The aircraft designed by Miles were often technologically and aerodynamically advanced for their time; the M.20 emergency production fighter prototype outperformed contemporary Hawker Hurricanes, despite having fixed landing gear. The X Minor was a flying testbed for blended wing-fuselage designs, although the large commercial transport intended to be produced from this research never entered production. The gigantic Miles X Airliner was to seat 55 and have eight engines buried in the wings, driving four sets of contra-rotating props and achieve a range of 3,450 miles.[18]

The Miles Libellula were tandem-wing designs for a fighter and a bomber. Having two wings, one each end of the aircraft, movements of the centre of gravity due to fuel or ammunition use were less of a problem.

The Miles M.52 was a turbojet-powered supersonic research aircraft project that was cancelled before completion.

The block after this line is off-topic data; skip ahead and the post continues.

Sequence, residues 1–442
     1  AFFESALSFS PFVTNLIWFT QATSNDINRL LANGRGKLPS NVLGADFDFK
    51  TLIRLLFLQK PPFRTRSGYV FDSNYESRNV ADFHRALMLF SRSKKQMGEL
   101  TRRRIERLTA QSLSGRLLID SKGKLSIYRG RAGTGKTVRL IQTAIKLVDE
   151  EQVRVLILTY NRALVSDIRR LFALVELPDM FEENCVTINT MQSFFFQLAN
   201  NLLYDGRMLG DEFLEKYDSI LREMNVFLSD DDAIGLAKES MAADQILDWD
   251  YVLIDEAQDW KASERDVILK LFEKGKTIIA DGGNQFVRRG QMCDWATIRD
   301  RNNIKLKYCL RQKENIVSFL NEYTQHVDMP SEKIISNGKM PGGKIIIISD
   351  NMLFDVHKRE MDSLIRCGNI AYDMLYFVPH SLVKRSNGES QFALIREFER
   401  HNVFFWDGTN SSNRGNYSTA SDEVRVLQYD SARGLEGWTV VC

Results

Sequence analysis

The following table lists the company number, name, year of first flight and number produced of all Miles aircraft.

Company number Name Year Produced Type of aircraft
Southern Martlet 1929 6
Metal Martlet 1930 1
Falcon Four 1931 Light cabin twin. Two Cirrus Hermes engines in overwing pusher configuration.[19]
M.1 Satyr 1932 1
M.2 Hawk 1933 55 two-seat light monoplane
M.2F-T Hawk Major 1934 64 Hawk successor with de Havilland Gipsy Major engine
M.2E,L,U Hawk Speed Six 1934 3 racing version of Hawk Major with de Havilland Gipsy Six engine
M.2W,X,Y Hawk Trainer 25 two-seat touring and racing monoplane
M.3A Falcon Major 1934 19
M.3B Falcon Six 1935 17
M.3E Gillette Falcon 1944 1 modified M.3B research for the supersonic M.52
M.4 Merlin 1935 4
M.5 Sparrowhawk 1935 5
M.6 Hawcon 1935 1
M.7 Nighthawk 1935 6
M.8 Peregrine 1936 2
M.9 Kestrel 1937 1
M.9A Master I 1939 900 advanced trainer
M.11 Whitney Straight 1936 50
M.11C M.11C 1
M.12 Mohawk 1937 1
M.13 Hobby 1937 1
M.14 Magister 1937 1,293 basic military trainer
M.14 Hawk Trainer III 1937 52 Magister for civil and export sales
M.15 M.15 1939 2 Air Ministry Specification T.1/37
M.16 Mentor 1938 45 three-seat training and communications monoplane
M.17 Monarch 1938 11
M.18 M.18 1938 3
M.19 Master II 1939 1,699 advanced trainer
M.20 M20/2 1940 2 prototype low-cost fighter